MPS(T) is a topological three-length path method that scores the potential interaction between proteins by scoring the similarity (in terms of the types of interactions) using a well-known two-length path method, the topological Jaccard similarity between nodes.

More formally, given an interactome and two nodes 'u' an 'v' representing proteins inside the interactome, the topological Jaccard similarity 'J(u, v)' is defined as:

where 𝚪(u) is the set of u's neighbours in the interactome.
Considering the Jaccard similarity between two nodes as an indicator of the similarity of the interfaces of the two represented proteins, the MPS(T) method scores the complementarity of the proteins' binding sites and, consequently, the possibility of interaction according to the following formula:

The following heat maps show the performances reached by each method tested in [9] through the computational validation performed on the human and synthetic interactomes.

This heat maps show the performances reached by each method tested

The MPS(T) method obtained the highest z-score in both the interactomes mainly thanks to its performance in the p@500 metric for the "Homo sapiens" interactome and the p@500, nDCG, and AUPRC metrics for the second network.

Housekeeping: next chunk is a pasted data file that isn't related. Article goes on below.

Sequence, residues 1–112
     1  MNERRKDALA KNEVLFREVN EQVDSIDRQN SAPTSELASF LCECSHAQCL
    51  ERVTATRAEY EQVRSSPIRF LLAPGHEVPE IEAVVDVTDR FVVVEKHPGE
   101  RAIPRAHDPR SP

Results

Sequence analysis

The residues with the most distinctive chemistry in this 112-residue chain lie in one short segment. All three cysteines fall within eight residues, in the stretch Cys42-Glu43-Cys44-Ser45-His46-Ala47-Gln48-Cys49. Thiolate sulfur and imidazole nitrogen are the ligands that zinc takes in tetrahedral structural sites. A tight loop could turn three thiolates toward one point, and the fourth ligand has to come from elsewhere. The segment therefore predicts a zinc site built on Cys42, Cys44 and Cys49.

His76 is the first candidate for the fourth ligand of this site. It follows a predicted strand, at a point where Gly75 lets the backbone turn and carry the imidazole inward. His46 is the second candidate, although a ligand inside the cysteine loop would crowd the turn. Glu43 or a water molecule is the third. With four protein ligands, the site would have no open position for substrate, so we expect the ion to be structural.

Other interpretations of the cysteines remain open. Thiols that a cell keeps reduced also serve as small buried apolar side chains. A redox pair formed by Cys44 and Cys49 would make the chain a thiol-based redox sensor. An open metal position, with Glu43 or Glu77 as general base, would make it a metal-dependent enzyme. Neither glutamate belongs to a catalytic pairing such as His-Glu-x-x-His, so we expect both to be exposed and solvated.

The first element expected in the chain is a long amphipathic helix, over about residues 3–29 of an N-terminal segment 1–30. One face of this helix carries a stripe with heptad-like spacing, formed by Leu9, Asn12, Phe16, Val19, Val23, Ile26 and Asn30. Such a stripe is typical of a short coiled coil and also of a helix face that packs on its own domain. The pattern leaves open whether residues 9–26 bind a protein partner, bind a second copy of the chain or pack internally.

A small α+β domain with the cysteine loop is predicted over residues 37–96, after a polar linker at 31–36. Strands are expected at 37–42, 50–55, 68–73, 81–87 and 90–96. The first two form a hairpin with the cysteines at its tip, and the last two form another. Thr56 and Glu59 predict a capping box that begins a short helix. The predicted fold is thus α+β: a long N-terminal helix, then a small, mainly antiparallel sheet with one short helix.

Moreover, from the top 500 PPIs predicted by MPS(T) from the "Homo sapiens" interactome, 358 were successfully tested by the yeast two-hybrid assay (Y2H), with 272 testings positive, yielding a precision of 75.97% [9].

  1. Kovács IA, Luck K, Spirohn K, Wang Y, Pollis C, Schlabach S, et al. Network-based prediction of protein interactions. Nature communications. 2019;10(1):1–8.

  2. Liben-Nowell D, Kleinberg J. The Link Prediction Problem for Social Networks. In: Proceedings of the Twelfth International Conference on Information and Knowledge Management. CIKM'03. New York, NY, USA: Association for 441 Computing Machinery; 2003. p. 556–559. Available from:  

  3. Liben-Nowell D, Kleinberg J. The link-prediction problem for social networks. Journal of the American Society for Information Science and Technology. 2007;58(7):1019–1031. doi:10.1002/asi.20591 

  4. Lu L, Zhou T. Link prediction in complex networks: A survey. Physica A: Statistical Mechanics and its Applications. 2011;390(6):1150–1170. doi:  

  5. Martínez V, Berzal F, Cubero JC. A survey of link prediction in complex networks. ACM computing surveys (CSUR). 2016;49(4):1–33. 

  6. Kumar A, Singh SS, Singh K, Biswas B. Link prediction techniques, applications, and performance: A survey. Physica A: Statistical Mechanics and its Applications. 2020;553:124289. doi: 

  7. Keskin, O., Tuncbag, N. & Gursoy, A. Predicting protein-protein interactions from the molecular to the proteome level. Phys. Biol. 2, S1 (2005).

  8. Szilágyi, A., Grimm, V., Arakaki, A. K. & Skolnick, J. Prediction of physical protein-protein interactions. Chem. Rev. 116, 4884–4909 (2016).

  9. Wang XW, Madeddu L, Spirohn K, Martini L, Fazzone A, Becchetti L, et al. Assessment of community efforts to advance computational prediction of protein-protein interactions. bioRxiv. 2021. Doi: